Have you ever started out on a road trip knowing the highway you were going to take, but not quite sure how many miles you were going to travel, or exactly what would become your final destination? This was the kind of journey the “Magi,” or Wise Men from the East” found themselves on as the story is told in the New Testament Gospel of Matthew.
The Magi had seen a brilliant star appear which, as astrologers, they believed was a miraculous sign of the birth of a Messiah King. They thus had begun a journey full of hope seeking to find and worship Him.
With their huge Arabian camels, they followed the direction of the star to the city of Jerusalem in Judea. These large, stately beasts of burden could scarcely go unnoticed by Jerusalem’s inhabitants. And the Magi evidently began to ask everyone they met where they might find this newly born King. Matthew 2:3 verifies their zealous questioning as the verse says, “When King Herod heard this [talk of the Magi’s inquiry] he was disturbed and all Jerusalem with him,” The Holy Bible, New International Version.*
Keep in mind that Judea was part of the Roman Empire at this time. And King Herod, a Jew, was the ruler of the Jewish state although ultimate power came from Rome. So, instead of being delighted by news of the long-awaited Messiah, Herod felt threatened when the chief priests and teachers of the law whom he had summoned told him what the Prophet Micah had said: “But you, Bethlehem, in the land of Judah, are by no means least among the rulers of Judah; for out of you will come a ruler who will be the shepherd of my people Israel whose origins are from old, from ancient times,” Micah 5:2, The Holy Bible, NIV.*
King Herod arranged a secret meeting with the Magi so he could be the one doing the questioning this time. He wanted to know from them the exact time the star had appeared as this would signal when the Jewish Messiah had been born. He also offered them the information he had gotten from the chief priests and teachers of the law, namely that the Baby had been born in Bethlehem. Under the pretext of wanting to pay homage to the Child also, Herod told them, “Go and search carefully for the child. As soon as you find him, report to me, so that I too may go and worship him,” Matthew 2:8b The Holy Bible, NIV.*
These Arabian visitors left Jerusalem and continued their journey to Bethlehem following the spectacularly luminous star. The Gospel Matthew’s relating of the story tells us it stopped right over the house where the Child Messiah was with His mother Mary. The Wise Men and their camels had reached their destination.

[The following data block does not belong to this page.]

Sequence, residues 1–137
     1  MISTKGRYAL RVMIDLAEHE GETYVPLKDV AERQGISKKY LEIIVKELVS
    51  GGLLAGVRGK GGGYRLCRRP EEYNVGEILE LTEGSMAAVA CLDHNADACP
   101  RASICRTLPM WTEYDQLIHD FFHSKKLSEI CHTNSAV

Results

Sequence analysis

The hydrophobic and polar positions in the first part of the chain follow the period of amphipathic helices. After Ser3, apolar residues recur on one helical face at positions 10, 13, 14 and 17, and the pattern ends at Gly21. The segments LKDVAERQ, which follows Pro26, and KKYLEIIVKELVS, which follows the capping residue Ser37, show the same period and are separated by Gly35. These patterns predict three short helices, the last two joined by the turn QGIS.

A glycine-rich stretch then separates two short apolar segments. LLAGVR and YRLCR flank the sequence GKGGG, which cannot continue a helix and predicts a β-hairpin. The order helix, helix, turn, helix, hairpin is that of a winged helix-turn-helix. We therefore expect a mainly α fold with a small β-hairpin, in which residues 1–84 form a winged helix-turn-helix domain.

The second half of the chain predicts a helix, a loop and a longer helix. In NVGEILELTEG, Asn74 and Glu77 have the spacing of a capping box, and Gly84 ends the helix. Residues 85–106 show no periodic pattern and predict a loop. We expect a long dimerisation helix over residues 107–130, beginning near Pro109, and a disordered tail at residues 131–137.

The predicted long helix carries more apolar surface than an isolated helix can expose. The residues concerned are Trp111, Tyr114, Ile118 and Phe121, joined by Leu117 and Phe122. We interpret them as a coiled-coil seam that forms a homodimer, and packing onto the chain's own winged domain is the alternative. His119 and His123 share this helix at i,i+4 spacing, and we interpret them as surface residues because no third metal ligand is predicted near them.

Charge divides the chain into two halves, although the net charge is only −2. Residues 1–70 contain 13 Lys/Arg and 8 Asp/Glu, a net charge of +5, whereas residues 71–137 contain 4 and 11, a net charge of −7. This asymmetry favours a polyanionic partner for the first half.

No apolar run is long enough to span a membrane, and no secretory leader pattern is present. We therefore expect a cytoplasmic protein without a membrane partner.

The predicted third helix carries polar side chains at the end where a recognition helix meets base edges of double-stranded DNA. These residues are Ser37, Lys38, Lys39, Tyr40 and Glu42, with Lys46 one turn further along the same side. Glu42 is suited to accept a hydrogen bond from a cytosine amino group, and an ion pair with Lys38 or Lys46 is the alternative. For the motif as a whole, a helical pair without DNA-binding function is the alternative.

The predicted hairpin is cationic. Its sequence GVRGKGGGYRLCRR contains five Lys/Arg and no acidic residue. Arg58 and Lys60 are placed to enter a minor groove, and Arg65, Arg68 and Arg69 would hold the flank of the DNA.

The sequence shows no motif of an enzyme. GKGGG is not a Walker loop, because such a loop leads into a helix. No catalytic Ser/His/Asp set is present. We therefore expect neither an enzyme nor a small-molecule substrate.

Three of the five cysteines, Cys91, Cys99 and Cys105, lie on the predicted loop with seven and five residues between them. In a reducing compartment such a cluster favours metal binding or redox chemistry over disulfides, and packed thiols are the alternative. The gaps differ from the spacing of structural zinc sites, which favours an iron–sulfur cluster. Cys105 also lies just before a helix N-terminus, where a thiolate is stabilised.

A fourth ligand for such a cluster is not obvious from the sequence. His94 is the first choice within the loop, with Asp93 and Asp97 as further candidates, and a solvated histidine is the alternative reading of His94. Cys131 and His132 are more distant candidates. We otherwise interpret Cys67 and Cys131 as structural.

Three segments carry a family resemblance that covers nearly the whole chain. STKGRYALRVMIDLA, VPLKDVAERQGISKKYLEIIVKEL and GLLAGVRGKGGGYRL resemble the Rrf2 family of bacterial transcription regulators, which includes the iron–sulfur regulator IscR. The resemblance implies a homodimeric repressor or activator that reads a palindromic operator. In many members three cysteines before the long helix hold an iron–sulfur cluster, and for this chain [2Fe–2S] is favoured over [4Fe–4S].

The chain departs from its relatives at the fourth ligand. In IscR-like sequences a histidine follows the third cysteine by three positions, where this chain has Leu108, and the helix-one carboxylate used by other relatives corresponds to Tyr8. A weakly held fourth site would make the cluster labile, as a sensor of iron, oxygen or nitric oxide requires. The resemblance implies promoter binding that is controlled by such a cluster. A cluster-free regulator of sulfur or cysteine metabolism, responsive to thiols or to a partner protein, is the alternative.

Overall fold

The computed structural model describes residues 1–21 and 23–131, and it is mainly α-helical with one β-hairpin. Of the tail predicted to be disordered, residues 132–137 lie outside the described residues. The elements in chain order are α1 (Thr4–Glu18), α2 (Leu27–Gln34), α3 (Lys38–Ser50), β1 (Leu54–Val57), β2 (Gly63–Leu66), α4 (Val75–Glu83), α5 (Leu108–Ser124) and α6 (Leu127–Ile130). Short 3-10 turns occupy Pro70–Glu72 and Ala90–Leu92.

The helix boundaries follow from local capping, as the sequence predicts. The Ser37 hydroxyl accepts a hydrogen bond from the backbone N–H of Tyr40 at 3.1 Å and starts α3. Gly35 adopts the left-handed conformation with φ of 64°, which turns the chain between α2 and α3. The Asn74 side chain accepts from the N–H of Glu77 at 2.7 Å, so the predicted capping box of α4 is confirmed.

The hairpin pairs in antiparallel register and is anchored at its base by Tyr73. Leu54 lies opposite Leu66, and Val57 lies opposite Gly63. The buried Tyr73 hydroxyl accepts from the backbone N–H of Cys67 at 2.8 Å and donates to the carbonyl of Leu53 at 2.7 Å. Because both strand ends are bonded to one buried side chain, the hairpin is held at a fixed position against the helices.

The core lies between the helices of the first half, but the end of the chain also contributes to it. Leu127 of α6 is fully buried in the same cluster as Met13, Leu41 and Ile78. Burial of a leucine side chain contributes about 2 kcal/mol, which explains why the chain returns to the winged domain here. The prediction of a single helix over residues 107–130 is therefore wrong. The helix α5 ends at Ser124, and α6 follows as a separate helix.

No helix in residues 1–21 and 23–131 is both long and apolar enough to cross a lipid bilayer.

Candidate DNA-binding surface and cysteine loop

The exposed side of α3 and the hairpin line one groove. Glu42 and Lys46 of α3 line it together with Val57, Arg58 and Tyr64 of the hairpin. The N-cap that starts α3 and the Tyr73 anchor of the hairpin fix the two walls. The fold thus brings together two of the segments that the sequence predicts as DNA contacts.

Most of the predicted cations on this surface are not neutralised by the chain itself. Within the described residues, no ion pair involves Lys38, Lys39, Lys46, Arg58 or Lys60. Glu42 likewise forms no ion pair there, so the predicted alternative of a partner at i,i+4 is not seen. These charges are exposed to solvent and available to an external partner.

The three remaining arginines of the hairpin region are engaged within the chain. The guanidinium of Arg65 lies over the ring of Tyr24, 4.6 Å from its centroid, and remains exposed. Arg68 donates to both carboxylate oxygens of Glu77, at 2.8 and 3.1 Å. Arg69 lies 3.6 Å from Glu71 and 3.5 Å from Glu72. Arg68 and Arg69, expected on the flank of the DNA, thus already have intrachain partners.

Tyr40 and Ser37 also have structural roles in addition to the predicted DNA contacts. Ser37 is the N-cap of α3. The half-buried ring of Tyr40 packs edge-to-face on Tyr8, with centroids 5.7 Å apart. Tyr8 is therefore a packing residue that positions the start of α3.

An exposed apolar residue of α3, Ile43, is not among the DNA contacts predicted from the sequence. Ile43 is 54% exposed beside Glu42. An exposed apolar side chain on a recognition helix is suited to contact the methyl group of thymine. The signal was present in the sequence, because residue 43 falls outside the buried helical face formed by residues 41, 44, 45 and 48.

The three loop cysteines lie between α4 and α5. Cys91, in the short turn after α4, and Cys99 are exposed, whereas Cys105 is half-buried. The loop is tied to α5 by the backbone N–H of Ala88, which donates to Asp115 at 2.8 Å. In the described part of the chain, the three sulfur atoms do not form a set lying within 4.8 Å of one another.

The Bible account doesn’t tell us what Mary’s reaction to these strangely dressed foreigners was. So we are left to wonder how she felt as they came into the house and bowed down before her Child in reverence and worship. She had however been told by an angel before her Son’s birth that He was not her betrothed husband’s child. He was conceived by the Holy Spirit. He was the Son of God.
Unlike the paintings you have seen where shepherds and Magi together are bowing before an Infant Jesus lying in a manger, an animal’s feeding trough, the Scriptures are clear that the Magi entered a house. There they found a young Child, not a Baby. Undoubtedly it was an early artist’s decision to have shepherds and the Magi witnessing the Glory of the Lord at the same time and later artists followed suit.
In a house in Bethlehem is where the Magi presented the gifts they had brought—presents fit for a King—glistening gold, aromatic incense, and woody-smelling myrrh. Some have interpreted these precious gifts as also being symbolic. Gold represented the Messiah’s kingship. Frankincense was an incense to be burned in recognition of Christ’s deity. And myrrh oil was used to prepare a body for burial. Thus the myrrh presented to the Child foretold the suffering He would endure as an adult and His ultimate death on a cross through the trial, sentencing, and execution by the Roman government.
The last thing we know of the Magi is encapsulated in the twelfth verse of the second chapter of Matthew: “And having been warned in a dream not to go back to Herod, they returned to their country by another route,” Matthew 2:12, The Holy Bible, NIV.* These travelers had completed their journey to Bethlehem and their mission to find the Messiah was fulfilled.
* If you would like to listen to a reading of the Scriptures used to prepare this devotional, simply go to www.Bible.com. You can install the free Bible app on any of your electronic devices or you can simply click the “Read the Bible Now” bar. (BTW I don’t get paid for this–I just think their app is great!) At the top of your screen reading left to right, choose the book of the Bible, the chapter, and the version. Under versions a drop-down menu allows you to change the language. Next you may click to compare parallel versions. Then you may tap to hear audio recordings of some selected versions. Finally to the extreme right you may click to enlarge the size and change the font.